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Why Black Lives Matter Matters To Celtic Fans. Or Why It Should, Anyway.

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Jermaine Defoe makes a good point for once, and so I don’t give a shit what colour his shirt is any more than I care what colour his skin is.

He has said today that when this coming campaign opens, on the first day of the new season, every player, of every club, should take a knee for the Black Lives Matter campaign.

And I agree with him wholeheartedly.

There will be objections, of course; if someone wants to come out on a point of principle and say they disagree either with the sentiment or the campaign itself, that person should be able to opt out.

And since the papers are ever fond of demanding that James McLean explain himself on the poppy – in spite of doing so a hundred times – I hope they’ll show the same keenness here to stick their microphones in the faces of everyone who does so.

It will be good to know who in Scottish football belongs in a hood and a bedsheet instead of a football shirt.

I have no problem with someone wearing his or her politics on their sleeve.

We live in a free country after all, where the freedom to behave like a bigot is enshrined in the law. We also live in a world where citizens of the freest country in the world are routinely murdered by law enforcement officials for the colour of their skin.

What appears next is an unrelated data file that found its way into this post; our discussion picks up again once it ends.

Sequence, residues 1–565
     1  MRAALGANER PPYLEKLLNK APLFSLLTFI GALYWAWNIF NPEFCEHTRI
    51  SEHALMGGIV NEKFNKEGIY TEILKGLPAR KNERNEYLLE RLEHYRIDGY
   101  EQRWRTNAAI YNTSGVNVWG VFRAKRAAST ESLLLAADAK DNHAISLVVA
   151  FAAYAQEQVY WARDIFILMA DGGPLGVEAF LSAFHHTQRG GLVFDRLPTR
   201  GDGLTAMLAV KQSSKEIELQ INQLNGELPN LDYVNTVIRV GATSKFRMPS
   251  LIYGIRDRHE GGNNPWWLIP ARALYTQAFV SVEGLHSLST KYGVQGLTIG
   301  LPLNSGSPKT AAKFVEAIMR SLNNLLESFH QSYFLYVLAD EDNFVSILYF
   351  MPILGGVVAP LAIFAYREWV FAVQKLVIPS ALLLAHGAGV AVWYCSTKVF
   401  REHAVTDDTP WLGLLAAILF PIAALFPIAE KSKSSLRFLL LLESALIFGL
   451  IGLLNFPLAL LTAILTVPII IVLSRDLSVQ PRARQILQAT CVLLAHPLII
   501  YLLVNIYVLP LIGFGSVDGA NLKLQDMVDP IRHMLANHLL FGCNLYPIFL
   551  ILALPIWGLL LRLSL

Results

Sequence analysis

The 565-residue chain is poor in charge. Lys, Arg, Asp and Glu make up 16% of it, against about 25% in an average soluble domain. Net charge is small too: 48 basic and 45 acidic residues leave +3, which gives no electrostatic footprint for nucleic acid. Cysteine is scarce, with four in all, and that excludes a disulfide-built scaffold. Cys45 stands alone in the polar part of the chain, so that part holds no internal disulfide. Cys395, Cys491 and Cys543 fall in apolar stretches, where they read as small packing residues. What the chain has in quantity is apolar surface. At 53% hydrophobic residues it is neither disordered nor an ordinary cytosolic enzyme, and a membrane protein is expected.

We in the Celtic support understand bigotry. Or some of us do. I find the reaction by some amongst our ranks, both to Defoe’s comments and to the Black Lives Matter campaign in the main, as ignorant and abhorrent as some of what I’ve read on the forums of Sevconia.

The number of “White Lives Matter” goons I’ve had to block this week is bad enough … but I find the “All Lives Matter” slogan to be, in its way, far worse … to me it’s a more acceptable way of saying the same thing, of making the same point.

Or missing it altogether, which I think is a more generous interpretation than some of those hiding behind it are entitled to.

Let me tell you why this matters, and why I am so passionate an advocate of it. I like to study history and I know that every degrading act that was inflicted on African Americans has been inflicted on the Irish, all but that most savage of all acts, the enormous crime of slavery.

Every form of discrimination black Americans face has, likewise, been visited upon our own.

Think about it; from electoral disenfranchisement, all the way up to the cold blooded murder of our citizens by the agents of the state … you cannot understand the history of Ireland and the Irish people without having at least some understanding of what black Americans go through every single day, and it’s not just those who live in the United States either of course.

Britain is a racist country.

There is a nasty undercurrent of it which has always run like a river just beneath our society.

Look, it’s built into the firmament, and its roots in Unionism is one of the reasons I want this country to be independent so we can erase it from the social structure once and for all.

Every major institution in this nation is run by men – for it is nearly always men – of a starkly similar pigment.

The key pieces of what we would call the Establishment are white, from the monarchy to the bench.